The 2021 Africa’s Business Heroes (ABH) prize, is a flagship philanthropic program run by leading Chinese tech entrepreneur’s Jack Ma Foundation which stands out as one of the top 10 finalists. The ten finalists will make their final pitches at the grand finale in November as they battle for a share of the US$1.5 million prize pool.
Of the ten finalists, where half are women, the top of 12,000 applications chosen from all 54 African nations passes multiple stages of judging and evaluation. The average pool age is 32 years and is spread across 7 countries namely Botswana, Kenya, Uganda, Nigeria, Ghana, Egypt, and Rwanda. The businesses operate across the sectors of agriculture, energy, education, logistic, food and beverage, energy, media and entertainment, and retail. 80% of the finalists run their businesses in rural areas.
“The Top 10 are truly inspiring,” said Jason Pau, the ED at International, Jack Ma Foundation. He attributed this to the “talent, resilience, innovation, and passion” of Africa’s entrepreneurs.
The entrepreneurs that made it to the top 10 are:
Ghirmay Abraham, who founded Aptech that brings water and electricity to Africans. The company experienced phenomenal growth and now operates in seven Africa countries.
Navalyo Osembo-Ombati, the founder of Enda Athletic that produces the next generation of long-distance runners. The made-in-Kenya running shoes are set to create jobs, invest in local communities while spurring economic development.
Charlot Magayi, the CEO of Mukuru Clean Stores looking to provide safe and affordable cooking technologies.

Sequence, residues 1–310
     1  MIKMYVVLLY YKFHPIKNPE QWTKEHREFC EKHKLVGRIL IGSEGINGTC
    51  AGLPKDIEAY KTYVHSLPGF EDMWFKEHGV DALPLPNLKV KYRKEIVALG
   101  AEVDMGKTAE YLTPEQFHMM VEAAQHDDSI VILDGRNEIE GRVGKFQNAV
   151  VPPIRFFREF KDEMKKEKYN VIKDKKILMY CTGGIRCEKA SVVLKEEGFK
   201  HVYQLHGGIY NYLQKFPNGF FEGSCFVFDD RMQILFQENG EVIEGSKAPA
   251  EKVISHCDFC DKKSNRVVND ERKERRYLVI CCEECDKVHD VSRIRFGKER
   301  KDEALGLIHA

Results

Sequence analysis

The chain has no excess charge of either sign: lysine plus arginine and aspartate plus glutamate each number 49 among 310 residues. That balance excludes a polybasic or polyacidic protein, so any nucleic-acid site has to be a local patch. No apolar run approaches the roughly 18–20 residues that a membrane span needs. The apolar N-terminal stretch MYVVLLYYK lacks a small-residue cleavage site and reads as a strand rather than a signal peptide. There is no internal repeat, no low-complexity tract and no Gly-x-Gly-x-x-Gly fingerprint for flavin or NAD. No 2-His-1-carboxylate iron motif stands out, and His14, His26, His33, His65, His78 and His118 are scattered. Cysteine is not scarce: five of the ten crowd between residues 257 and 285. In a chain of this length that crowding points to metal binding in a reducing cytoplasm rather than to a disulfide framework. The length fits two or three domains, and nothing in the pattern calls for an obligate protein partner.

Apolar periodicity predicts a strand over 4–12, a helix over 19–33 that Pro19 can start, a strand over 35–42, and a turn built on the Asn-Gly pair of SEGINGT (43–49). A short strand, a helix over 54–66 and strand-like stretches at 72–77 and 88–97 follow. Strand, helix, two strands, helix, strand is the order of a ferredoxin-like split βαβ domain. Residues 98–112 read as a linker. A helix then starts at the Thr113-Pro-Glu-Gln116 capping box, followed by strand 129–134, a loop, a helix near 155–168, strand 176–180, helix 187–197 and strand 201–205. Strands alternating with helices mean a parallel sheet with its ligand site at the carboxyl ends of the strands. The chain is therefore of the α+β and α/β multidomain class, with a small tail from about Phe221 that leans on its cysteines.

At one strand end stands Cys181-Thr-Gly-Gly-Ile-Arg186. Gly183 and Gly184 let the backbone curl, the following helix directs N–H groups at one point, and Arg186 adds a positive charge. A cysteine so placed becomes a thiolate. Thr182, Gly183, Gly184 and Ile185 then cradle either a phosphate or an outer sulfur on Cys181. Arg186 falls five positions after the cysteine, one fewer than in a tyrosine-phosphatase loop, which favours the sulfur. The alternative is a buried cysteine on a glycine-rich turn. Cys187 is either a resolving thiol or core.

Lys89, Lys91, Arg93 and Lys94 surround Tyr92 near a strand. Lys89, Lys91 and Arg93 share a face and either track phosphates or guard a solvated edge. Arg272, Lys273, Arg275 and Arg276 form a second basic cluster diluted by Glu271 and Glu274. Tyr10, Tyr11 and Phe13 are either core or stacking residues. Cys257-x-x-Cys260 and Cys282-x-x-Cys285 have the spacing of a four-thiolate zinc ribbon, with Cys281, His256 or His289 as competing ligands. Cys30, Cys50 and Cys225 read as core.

Oghenetega Iortim, founder of Gricd that is solving health and food accessibility challenges through the use of technology. He is building cold-chain storage facilities to address shortage pitfalls in the agricultural and healthcare sectors.
Chidi Nwaogu, CEO at Publiseer, a digital content distribution company helping Africa’s underserved creatives make a living.
Ikenna Nzewi, CEO at Releaf Marketplace Nigeria which is an agricultural technology company that develops both software and hardware solutions in turn driving the industrialization of Africa’s food processing.
Yvette Ishimwe, the CEO, IRIBA Water Group, a social enterprise offering innovative drinking water solutions.
Khadija Mohamed Elbedweihy, the founder of PraxiLabs Egypt, makes virtual science labs accessible for educational institutions.
Violet Amoabeng, the founder of Skin Gourmet, specialized in accounting, marketing, and supply chain management.
Ketsheaphone Jacob, the CEO of The Bulb World, an LED light manufacturing company.